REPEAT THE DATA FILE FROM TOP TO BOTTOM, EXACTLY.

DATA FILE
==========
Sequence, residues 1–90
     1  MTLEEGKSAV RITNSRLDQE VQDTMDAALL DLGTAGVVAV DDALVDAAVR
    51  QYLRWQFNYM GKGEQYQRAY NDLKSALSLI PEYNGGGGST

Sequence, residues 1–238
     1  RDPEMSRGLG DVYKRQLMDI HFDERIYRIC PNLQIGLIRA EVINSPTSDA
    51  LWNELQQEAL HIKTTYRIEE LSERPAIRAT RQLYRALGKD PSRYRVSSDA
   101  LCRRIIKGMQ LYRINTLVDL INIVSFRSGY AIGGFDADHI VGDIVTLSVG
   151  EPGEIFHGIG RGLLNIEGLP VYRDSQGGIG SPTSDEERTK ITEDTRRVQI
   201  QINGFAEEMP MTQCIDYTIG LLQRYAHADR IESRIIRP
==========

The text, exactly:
Sequence, residues 1–90
     1  MTLEEGKSAV RITNSRLDQE VQDTMDAALL DLGTAGVVAV DDALVDAAVR
    51  QYLRWQFNYM GKGEQYQRAY NDLKSALSLI PEYNGGGGST

Sequence, residues 1–238
     1  RDPEMSRGLG DVYKRQLMDI HFDERIYRIC PNLQIGLIRA EVINSPTSDA
    51  LWNELQQEAL HIKTTYRIEE LSERPAIRAT RQLYRALGKD PSRYRVSSDA
   101  LCRRIIKGMQ LYRINTLVDL INIVSFRSGY AIGGFDADHI VGDIVTLSVG
   151  EPGEIFHGIG RGLLNIEGLP VYRDSQGGIG SPTSDEERTK ITEDTRRVQI
   201  QINGFAEEMP MTQCIDYTIG LLQRYAHADR IESRIIRP